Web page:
Canada: A Country that Loves Everybody
Canada is celebrating its 150th birthday on July 1, 2017. The event is called Canada Day. It’s a day when all the people of this country rejoice and pay their gratitude for all the blessings they receive from their country every moment of their lives.
Canada is a beautiful and lovely country. It is spread over a very vast land full of nature’s beauty. Wherever you travel in Canada, the entire landscape presents an awesome view. The moment you enter the suburbs of Toronto, you see unending lush green meadows with patches of thick forests. The farmhouses in the suburbs are incredibly beautiful.
Why I call Canada a lovely country is because here people love each other irrespective of colour, caste and creed. There is no discrimination in this land. The law of the land is supreme and is implemented indiscriminately. Justice based upon honesty, equality and compassion is the value that makes a society strong and healthy. That’s what Canada is practicing.
Canada is a multicultural society where people from all over the world have come to settle as permanent citizens. It has an open-arms policy to give refuge to anybody who is persecuted in the world because of religion, colour or any other social or cultural reason. Presently it is giving asylum to thousands of refugees from the Middle East who were denied help or support by their neighbouring countries. I really admire the liberal and secular attitude of Canada when I see the people of different religions and sects building their worship centers and practicing their faith without any fear of violence from extremists. I believe that by living in an environment that offers love and tolerance to every living being, even the fundamentalists eventually transform into liberals. With my background as a native from Pakistan it was very surprising for me to see the “Gay Pride Parade” on the streets of Toronto. It is an annual event and is said to be one of the largest in the world. I was wondering what the reaction would be of extremists or general public if such an event takes place in an Asian or Middle Eastern country.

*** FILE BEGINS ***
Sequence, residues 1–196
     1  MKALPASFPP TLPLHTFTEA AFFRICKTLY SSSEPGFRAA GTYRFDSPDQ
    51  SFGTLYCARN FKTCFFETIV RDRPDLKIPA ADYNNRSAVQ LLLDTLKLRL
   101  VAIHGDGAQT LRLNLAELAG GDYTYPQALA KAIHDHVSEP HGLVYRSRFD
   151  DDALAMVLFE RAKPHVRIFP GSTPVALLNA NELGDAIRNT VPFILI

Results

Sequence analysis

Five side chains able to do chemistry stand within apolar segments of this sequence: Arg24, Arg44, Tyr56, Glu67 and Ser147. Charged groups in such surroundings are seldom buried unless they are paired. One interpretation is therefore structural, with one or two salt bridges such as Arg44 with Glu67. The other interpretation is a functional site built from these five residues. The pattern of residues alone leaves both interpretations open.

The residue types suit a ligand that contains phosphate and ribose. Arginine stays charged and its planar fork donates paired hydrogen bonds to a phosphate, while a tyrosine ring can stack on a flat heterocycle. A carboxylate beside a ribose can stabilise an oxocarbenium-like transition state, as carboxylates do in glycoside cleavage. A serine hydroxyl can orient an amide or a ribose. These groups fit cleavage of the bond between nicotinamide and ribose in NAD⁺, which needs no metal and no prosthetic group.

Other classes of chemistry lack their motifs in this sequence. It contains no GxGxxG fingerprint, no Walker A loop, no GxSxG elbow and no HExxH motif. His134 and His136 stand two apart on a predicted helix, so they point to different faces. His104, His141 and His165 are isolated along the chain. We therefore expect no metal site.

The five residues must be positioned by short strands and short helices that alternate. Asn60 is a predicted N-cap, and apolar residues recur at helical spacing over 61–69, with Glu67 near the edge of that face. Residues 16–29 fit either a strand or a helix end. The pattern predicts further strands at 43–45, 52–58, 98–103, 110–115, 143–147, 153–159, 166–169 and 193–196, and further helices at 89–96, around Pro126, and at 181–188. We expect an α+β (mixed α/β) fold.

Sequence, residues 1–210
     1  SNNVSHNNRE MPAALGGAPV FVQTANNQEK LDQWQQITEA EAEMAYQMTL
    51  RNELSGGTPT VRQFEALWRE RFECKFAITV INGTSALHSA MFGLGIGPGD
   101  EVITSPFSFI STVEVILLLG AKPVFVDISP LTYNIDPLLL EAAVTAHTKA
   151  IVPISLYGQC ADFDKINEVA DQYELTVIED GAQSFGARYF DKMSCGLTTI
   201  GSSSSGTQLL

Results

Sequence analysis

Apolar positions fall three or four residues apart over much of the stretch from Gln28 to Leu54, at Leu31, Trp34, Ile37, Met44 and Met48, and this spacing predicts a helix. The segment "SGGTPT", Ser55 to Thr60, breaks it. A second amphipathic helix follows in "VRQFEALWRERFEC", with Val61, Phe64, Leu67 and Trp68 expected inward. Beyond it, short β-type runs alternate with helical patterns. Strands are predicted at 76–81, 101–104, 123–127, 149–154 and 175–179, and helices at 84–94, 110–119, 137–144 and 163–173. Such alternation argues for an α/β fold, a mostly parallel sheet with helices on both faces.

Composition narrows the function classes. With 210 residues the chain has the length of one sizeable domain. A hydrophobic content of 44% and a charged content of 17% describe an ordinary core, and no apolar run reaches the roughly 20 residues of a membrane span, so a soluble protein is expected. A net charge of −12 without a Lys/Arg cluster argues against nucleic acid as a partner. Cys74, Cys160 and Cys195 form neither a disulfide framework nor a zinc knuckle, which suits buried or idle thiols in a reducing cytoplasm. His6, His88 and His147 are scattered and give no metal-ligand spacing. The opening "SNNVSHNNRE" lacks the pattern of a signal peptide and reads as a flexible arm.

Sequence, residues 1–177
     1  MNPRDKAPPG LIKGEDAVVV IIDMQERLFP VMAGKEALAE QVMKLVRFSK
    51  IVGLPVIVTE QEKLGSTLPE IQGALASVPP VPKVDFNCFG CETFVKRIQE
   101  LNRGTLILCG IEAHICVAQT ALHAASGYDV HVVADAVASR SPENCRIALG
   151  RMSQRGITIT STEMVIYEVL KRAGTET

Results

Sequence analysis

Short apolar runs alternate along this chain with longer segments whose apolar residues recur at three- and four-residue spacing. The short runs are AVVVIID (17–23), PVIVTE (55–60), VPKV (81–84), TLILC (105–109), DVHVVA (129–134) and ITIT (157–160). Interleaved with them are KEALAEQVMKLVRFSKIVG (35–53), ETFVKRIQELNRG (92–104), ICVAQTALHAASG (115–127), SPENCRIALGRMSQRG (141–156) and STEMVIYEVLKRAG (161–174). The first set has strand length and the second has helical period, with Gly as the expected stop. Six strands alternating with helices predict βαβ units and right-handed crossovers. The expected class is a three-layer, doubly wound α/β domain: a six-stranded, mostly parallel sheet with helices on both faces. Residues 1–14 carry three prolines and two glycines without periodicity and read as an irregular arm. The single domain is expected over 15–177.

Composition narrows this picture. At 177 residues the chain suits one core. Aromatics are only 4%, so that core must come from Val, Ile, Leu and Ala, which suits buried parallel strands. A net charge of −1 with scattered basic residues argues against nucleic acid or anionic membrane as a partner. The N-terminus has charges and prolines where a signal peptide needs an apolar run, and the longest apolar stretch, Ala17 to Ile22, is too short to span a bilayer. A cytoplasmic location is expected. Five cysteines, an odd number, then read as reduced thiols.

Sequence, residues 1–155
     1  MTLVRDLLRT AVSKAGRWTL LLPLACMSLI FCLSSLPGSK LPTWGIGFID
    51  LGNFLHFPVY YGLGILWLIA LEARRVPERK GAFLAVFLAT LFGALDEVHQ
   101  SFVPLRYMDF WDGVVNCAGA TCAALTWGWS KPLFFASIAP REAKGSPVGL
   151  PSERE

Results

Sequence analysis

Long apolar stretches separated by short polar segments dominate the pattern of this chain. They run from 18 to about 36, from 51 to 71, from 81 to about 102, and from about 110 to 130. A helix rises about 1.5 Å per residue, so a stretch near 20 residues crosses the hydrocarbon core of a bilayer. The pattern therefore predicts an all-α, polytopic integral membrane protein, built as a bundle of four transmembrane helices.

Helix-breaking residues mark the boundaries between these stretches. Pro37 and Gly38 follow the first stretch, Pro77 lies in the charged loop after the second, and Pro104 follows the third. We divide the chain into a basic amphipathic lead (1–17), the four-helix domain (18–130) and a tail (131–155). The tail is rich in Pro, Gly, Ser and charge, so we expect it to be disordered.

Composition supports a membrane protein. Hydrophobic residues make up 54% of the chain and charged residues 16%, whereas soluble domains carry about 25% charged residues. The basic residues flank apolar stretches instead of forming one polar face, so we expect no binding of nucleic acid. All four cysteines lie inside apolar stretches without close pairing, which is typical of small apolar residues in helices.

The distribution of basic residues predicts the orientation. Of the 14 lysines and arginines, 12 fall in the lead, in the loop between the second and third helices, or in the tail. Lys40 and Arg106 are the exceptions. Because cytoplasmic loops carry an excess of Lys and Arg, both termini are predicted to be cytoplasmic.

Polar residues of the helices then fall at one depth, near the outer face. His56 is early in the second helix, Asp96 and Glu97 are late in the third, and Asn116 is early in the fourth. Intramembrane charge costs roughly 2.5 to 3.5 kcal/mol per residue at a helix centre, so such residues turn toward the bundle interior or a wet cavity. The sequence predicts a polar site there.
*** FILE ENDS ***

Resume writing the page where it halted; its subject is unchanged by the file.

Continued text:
Canadians are very polite and civilized people. “Thank you, I’m sorry, Have a nice day and Bless you!” are very common everyday expressions. You will hear them throughout the day on different occasions. The moment you enter a shop, you are greeted with a warm welcome. You may not purchase anything but as you leave the store, you hear the words: “Have a nice day!” These words are not just words. They carry tremendous magical powers in them. Words are very powerful if we understand how we use them in our thinking and speaking. These everyday words are like super hypnotic suggestions or a heavenly prayer that charge your subconscious mind with positive energy and fill your entire day with blessings and joys. I believe that one of the reasons for the blessings in Canada is the fact that people use positive words in everyday life while communicating with each other.
Canadians are well-known to be very humane. A few days ago I happened to see a post on the Facebook in which Canadian police, fire department and other rescue teams were helping a mother duck who was crying for help because her chicks had fallen in a road-side drain. The officials rescued her chicks giving them back to their mama safe and sound. It was a very sentimental scenario to see how the mama-duck rejoiced with gratitude. My heart fills with joy and praise when I see the vehicles waiting both sides of the street in order to let the ducks or wildlife move safely across. Even the birds and animals have learned not only the laws of road safety, but also their rights as members of the land. Isn’t it wonderful?
In Canada, care for human beings is worth mentioning. In any emergency, ranging from a break-in to a health emergency, you can call 911 who will respond to your call immediately. I have a personal experience with the efficiency of 911 when I had a cardiac problem. They were at my door-step within no time and started the required procedure. The attitude of the health practitioners in hospitals and clinics is based upon equality for all. Everybody is given the same treatment and care irrespective of the social or economic status of the client.
Canadians take care of their seniors. Last week I had the opportunity of visiting an old peoples’ home in a quiet and beautiful city called Kitchener. It’s a city of over 100,000 people in the suburbs of Toronto, over one hour’s journey by road on the very busy 401 expressway. The entire panorama of the city gives you relaxation and peace of mind. Unlike Mississauga, Brampton and Toronto, there is not much traffic on the roads. The place we reached is called “Trinity Village”. It’s a retirement home for old people. The busy receptionist managed to take a few minutes to show me and my wife around. The entire building has loads of recreational and occupational facilities for the residents. Everybody you talk to responds with affection and joy. When people become old they want to share stories of their past life. I wish we could have stayed longer and listened to the stories the residents carried in their hearts. Nevertheless, it was a great day and I look forward to meeting many more such people and sit with them to share their stories.
Thank you Canada for giving me this opportunity to meet such lovely people coming from different cultural backgrounds sharing their love, joy, gratitude and blessings with each other.